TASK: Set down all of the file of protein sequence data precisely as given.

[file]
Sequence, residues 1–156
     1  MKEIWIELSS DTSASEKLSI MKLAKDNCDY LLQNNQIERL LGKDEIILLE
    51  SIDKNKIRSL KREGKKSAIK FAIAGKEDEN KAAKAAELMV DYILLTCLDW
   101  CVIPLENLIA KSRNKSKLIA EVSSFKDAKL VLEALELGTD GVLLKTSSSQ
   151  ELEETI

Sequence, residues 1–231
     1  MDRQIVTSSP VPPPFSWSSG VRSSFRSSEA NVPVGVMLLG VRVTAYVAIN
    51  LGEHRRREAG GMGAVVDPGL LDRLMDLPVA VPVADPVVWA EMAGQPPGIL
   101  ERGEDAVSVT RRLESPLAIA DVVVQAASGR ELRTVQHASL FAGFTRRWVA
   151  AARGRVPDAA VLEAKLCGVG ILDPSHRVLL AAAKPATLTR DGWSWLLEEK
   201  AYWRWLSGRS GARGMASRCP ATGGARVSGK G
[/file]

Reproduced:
Sequence, residues 1–156
     1  MKEIWIELSS DTSASEKLSI MKLAKDNCDY LLQNNQIERL LGKDEIILLE
    51  SIDKNKIRSL KREGKKSAIK FAIAGKEDEN KAAKAAELMV DYILLTCLDW
   101  CVIPLENLIA KSRNKSKLIA EVSSFKDAKL VLEALELGTD GVLLKTSSSQ
   151  ELEETI

Sequence, residues 1–231
     1  MDRQIVTSSP VPPPFSWSSG VRSSFRSSEA NVPVGVMLLG VRVTAYVAIN
    51  LGEHRRREAG GMGAVVDPGL LDRLMDLPVA VPVADPVVWA EMAGQPPGIL
   101  ERGEDAVSVT RRLESPLAIA DVVVQAASGR ELRTVQHASL FAGFTRRWVA
   151  AARGRVPDAA VLEAKLCGVG ILDPSHRVLL AAAKPATLTR DGWSWLLEEK
   201  AYWRWLSGRS GARGMASRCP ATGGARVSGK G